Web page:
~9.6km/s (to LEO) + 2455m/s + 1474m/s = 13.5km/s or about a 29% increase in delta-V. In the real world, this would be a much bigger increase in cost due to the need to carry reaction mass with you for your engines, but in the Infinity universe this is not required. Oh yeah, and the spacestation, or what it’s made of, might not even have visited the planet it orbits which would actually make a higher orbit cheaper. Oh, and keeping it in a geostationary orbit would greatly simplify flying to and from it from the surface of the planet. Oh, and…

In short, there’s a lot of reasons why you’d want a station in GSO, and not a lot for MEO. So what’s important about this? Minimum dV to get back to Earth from GSO:


Minimum dV for escape trajectory from GSO:


Of course, this balance would shift significantly if orbiting a larger, faster spinning planet (such as Jupiter). Now, for the real question: what would happen if a piece of the space station, say a crew capsule and large engine, was ejected at a vector that shifted it’s periapsis into the planet’s atmosphere?

The fall would accelerate it to over 10km/s… it would enter the atmosphere…

Decelerating at a massive rate (exceeds 15g for most of the trip) it would burn ever brighter…

Until I realized I hadn’t installed Deadly Reentry or anything similar and it calmly fell into the ocean…

(At a fatal velocity of 103.5m/s).


Ooo, that’s pretty.

Oh, I didn’t mean to suggest that chunks would survive re-entry. Just that a significant amount of the station would be available to light up the sky, as it were.

Realistically, the number of chunks are going to be dependent on how the station’s destruction model is built. Without knowing the strength of the materials used to design the station, the explosive energy of missiles in the game, or the explosive energy of whatever ridiculously hazardous materials the stations are carrying, figuring out proper numbers for this stuff is a fools errand. As I say, I chose my range of delta-v’s based off of the Rule of Cool.

That’s pretty close to what I find computationally. My calculations spit out 472.9 m/s, assuming no radial component to the velocity change.

Close! This can be solved analytically to find that an additional 2.9 km/s is needed to escape. That’s actually significantly higher than I had expected it to be. Because I think it looks cool, here’s a plot showing the orbits resulting from an extra 2.7, 2.8, and 2.9 km/s:

For reference, the green/black circle is the Moon’s orbit. (And apologies for the yellow lines; they looked so much more visible in MatPlotLib.)

Actually, in a universe where fuel requirements are a trivial matter, things like defendability (for which I’m not sure there’s a discernible difference between MEO and HEO) or detectability (probably favours a LEO, all things considered) are probably the more important considerations. I chose 2000 km because it eliminated the issues associated with LEO, and still gave something of an awe inspiring view of the planet (the angular diameter of Earth at 2000 km is about 74 degrees, or about a monitor’s width). View, of course, favours lower orbits (and an orbit at 1000 km probably avoids the LEO issues, and increases the angular size of the planet to 81 degrees). And that’s assuming the planet’s a flat disk. The fact that the planet’s a sphere actually increases the angular size (though, you no longer get to see the whole hemisphere facing you) comes into effect even at these distances, so it’s closer to 90 degrees at 2000 km, and 120 degrees at 1000 km). In geosynchronous orbit, the Earth has an angular diameter of only 20 degrees or so.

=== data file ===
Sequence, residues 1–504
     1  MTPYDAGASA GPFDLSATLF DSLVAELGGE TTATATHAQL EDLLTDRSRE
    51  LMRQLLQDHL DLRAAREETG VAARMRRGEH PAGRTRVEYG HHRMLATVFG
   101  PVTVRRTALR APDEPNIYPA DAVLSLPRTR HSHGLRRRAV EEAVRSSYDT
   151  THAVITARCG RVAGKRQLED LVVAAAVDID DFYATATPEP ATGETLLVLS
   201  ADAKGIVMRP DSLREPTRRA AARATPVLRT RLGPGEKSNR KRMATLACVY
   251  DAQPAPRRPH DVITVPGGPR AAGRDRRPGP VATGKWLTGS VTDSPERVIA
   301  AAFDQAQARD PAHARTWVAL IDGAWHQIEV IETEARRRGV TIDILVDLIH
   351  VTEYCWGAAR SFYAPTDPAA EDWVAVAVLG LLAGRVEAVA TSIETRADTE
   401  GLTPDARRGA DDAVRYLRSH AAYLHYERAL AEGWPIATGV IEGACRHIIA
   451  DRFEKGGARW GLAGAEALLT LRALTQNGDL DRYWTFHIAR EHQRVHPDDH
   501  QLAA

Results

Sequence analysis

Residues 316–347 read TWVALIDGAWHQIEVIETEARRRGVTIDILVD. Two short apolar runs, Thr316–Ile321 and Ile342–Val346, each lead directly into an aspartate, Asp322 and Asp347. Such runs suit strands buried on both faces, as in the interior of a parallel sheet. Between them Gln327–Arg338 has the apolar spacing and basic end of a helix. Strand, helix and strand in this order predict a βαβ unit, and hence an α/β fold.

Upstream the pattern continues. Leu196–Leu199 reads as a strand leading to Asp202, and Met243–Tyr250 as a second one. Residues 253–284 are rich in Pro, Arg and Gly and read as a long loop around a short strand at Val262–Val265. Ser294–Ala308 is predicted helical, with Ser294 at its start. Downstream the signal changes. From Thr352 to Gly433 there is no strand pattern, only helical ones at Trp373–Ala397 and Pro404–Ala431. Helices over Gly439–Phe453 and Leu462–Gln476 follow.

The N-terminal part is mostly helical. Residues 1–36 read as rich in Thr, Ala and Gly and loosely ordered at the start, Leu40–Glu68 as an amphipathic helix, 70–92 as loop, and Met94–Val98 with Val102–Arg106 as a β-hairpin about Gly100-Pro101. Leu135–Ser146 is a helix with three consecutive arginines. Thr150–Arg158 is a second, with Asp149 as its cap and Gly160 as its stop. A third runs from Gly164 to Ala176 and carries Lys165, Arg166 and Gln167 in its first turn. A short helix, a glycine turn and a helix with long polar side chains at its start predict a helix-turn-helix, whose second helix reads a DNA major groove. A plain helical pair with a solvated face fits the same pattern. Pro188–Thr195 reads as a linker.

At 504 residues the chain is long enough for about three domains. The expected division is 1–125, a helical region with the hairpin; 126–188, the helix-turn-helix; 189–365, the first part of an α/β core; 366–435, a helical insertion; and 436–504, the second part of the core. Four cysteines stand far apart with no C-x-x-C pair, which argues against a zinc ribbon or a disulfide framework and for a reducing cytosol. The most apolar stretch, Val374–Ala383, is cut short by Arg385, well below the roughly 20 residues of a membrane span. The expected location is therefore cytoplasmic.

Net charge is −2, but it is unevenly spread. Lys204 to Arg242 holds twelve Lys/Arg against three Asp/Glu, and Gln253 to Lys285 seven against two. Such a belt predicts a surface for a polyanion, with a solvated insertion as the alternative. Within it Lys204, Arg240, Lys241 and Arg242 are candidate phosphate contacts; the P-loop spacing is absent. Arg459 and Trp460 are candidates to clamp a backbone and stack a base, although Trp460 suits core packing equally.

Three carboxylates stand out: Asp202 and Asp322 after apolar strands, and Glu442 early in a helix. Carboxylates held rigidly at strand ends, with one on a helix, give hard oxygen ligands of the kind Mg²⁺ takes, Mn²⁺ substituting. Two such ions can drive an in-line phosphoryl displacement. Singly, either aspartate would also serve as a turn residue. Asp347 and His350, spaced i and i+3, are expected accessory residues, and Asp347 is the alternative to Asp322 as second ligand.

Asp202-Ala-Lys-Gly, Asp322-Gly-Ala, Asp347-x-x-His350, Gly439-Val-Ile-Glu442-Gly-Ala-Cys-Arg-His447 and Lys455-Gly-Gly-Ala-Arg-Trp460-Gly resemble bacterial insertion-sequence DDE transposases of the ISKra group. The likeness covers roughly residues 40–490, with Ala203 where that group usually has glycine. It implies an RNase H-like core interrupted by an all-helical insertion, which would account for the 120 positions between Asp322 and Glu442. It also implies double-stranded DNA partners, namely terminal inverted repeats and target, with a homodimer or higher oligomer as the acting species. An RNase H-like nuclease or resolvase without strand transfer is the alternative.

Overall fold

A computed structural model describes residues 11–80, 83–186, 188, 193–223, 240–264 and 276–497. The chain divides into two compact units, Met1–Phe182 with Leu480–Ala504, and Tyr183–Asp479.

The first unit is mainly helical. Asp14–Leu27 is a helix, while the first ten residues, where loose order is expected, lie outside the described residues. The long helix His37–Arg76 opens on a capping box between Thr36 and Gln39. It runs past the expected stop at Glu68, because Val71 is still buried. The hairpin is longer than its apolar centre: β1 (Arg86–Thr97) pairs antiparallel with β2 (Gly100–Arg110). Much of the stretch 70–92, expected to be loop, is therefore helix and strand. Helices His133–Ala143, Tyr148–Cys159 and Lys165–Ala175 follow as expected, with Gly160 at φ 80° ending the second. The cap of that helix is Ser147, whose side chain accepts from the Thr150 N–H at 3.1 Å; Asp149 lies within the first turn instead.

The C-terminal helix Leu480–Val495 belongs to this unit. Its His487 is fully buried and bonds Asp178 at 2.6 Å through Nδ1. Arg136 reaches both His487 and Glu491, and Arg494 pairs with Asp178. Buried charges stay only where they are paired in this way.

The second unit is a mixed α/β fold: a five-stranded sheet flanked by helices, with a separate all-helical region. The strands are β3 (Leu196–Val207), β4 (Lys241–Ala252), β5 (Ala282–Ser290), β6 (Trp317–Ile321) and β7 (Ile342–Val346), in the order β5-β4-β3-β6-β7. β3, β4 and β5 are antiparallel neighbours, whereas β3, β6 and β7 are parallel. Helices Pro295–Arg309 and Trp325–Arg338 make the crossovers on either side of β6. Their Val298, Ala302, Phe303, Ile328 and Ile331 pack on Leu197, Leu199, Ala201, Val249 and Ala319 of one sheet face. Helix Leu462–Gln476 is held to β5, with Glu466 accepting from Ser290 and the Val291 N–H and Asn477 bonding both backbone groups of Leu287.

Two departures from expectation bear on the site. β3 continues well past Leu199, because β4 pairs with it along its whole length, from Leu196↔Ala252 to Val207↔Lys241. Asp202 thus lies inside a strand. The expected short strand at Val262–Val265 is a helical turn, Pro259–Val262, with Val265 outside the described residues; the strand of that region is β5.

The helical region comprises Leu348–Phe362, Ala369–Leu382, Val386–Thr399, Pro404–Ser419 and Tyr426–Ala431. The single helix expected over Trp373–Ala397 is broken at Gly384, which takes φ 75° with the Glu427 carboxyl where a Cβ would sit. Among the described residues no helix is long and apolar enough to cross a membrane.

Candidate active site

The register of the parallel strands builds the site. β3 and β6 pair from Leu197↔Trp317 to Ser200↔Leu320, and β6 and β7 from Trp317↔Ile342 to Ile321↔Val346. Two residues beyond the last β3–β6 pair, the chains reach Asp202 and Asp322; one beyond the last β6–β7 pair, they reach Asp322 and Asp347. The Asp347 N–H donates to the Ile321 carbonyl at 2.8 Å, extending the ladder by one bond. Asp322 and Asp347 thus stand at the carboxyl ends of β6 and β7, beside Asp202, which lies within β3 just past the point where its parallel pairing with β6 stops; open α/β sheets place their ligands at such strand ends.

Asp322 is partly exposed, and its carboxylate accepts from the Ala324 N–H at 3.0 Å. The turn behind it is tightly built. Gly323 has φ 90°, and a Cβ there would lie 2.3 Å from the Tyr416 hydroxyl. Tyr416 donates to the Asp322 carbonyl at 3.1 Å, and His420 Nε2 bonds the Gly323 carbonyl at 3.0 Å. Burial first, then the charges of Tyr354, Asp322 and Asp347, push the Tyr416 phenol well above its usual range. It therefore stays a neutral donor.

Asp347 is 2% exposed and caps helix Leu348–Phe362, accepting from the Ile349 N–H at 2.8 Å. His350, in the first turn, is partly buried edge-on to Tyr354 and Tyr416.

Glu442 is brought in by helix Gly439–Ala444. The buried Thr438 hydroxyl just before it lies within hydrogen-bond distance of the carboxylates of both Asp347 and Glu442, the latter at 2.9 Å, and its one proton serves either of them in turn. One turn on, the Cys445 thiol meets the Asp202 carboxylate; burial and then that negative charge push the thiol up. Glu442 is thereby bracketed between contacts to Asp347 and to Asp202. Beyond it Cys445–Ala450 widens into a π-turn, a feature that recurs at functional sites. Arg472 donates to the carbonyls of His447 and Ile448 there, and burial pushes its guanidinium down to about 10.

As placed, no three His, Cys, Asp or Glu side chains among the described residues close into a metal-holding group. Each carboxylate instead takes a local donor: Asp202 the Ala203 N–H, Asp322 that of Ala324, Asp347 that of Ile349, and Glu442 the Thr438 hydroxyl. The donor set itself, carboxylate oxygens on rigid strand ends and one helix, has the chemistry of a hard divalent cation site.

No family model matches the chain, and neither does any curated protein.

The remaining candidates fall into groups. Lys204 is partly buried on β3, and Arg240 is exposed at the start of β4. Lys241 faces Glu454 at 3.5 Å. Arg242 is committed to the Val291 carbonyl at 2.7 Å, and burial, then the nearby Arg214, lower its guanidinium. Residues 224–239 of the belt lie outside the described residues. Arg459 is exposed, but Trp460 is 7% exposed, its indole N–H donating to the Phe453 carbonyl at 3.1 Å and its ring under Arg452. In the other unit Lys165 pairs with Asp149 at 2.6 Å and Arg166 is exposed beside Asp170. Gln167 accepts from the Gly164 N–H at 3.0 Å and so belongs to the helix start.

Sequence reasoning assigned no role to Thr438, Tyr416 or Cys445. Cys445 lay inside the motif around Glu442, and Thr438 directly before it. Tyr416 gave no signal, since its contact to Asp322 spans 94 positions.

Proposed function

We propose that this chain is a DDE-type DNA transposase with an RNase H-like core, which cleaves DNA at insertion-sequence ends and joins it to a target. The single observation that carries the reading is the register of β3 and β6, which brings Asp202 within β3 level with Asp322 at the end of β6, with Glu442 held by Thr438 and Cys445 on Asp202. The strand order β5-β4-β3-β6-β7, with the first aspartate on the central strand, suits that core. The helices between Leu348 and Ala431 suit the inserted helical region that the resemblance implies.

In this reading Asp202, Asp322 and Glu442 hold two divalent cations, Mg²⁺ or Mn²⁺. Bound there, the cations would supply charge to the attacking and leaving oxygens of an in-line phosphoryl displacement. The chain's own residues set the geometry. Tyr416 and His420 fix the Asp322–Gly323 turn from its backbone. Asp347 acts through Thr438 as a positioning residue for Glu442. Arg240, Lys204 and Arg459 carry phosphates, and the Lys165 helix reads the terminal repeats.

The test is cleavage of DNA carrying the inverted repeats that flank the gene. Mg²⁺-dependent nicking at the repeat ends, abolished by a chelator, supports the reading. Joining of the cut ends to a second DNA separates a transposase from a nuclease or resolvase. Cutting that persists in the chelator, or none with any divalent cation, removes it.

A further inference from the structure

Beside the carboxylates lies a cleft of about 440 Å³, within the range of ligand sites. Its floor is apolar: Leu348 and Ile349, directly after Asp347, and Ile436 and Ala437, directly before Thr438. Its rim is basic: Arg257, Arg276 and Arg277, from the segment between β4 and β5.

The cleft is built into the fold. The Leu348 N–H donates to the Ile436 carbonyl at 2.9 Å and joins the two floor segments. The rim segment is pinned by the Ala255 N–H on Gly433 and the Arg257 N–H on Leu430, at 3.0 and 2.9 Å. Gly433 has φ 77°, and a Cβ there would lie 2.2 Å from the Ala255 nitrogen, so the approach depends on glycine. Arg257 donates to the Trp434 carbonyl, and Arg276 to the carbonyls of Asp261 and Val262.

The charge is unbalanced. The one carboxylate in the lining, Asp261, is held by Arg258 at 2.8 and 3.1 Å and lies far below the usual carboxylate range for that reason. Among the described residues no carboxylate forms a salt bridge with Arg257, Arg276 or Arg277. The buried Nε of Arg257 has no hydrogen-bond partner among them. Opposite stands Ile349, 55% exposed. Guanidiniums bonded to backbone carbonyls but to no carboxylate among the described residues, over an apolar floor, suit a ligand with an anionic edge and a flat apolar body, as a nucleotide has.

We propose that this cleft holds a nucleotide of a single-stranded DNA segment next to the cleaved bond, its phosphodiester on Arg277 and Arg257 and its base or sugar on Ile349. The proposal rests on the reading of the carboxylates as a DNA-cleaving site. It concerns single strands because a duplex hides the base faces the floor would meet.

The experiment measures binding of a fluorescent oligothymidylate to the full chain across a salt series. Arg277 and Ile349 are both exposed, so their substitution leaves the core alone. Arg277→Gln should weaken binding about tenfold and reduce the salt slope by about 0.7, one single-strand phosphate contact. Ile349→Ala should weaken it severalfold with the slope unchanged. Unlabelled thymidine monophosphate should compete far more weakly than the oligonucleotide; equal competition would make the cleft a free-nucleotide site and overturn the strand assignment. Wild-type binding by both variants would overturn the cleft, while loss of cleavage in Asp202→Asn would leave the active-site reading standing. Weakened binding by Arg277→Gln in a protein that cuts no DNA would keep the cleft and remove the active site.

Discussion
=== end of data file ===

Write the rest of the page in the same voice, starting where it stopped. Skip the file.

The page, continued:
Ouch. That’s not too far off from the estimated 14 km/s that the Tunguska asteroid/comet is thought to hit the atmosphere at, and roughly half the ~19 km/s that the Chelyabinsk meteor was moving at. Given that the bits of space station are considerably less durable than solid chunks of space rock, I think there’s a pretty good chance that they’d not just burn up, but explode, in the atmosphere at that kind of speed.

It’d be like fireworks!

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A point I felt might be a good idea to reiterate in this topic.

It just occurred to me: the only way to make all of a spacestation change it’s velocity by nearly a km/s is with a very large explosion at the centre of mass.

While putting hazardous materials under a few layers of armour would probably be a good idea, to make sure the first piloting error wont cause a chain reaction, a Death Star-like “lets put the explosive bit where it’ll do the most damage to us!”-approach seems… contrary to common sense. Put 2 layers of armour on the outside of your explody bits, and 3 on the inside - something makes it go “boom” at least most of the boom will be going away from you.

Which, with a roughly even distribution of boom containers and self-propelled booms would result in a Gaussian velocity distribution with a mean velocity of 0, relative to the station’s original orbit, would it not?

I may have forgotten to put RCS on my ‘spaceship’ (the crew capsule and large engine in the reentry pictures was literally all there was to it, Infinite Fuel Cheat ftw), or install any piloting assistance addons (I didn’t even bother with Kerbal Engineer), so I’m honestly surprised I got that close to the optimal numbers.

If you don’t mind, I think I’ll edit that plot into my first post, btw. The orbital inclination of the in-game Moon is rather extreme and as I tried to keep a roughly horizontal orbit… actually, even if you do mind I’ll probably have already done it :stuck_out_tongue:

I agree.

Both that fuel is largely irrelevant, and that LEO would probably be better for both - if you had some sort of ground-based defence (large number of armed shuttles with short-term lifesupport?) it’d get to you faster.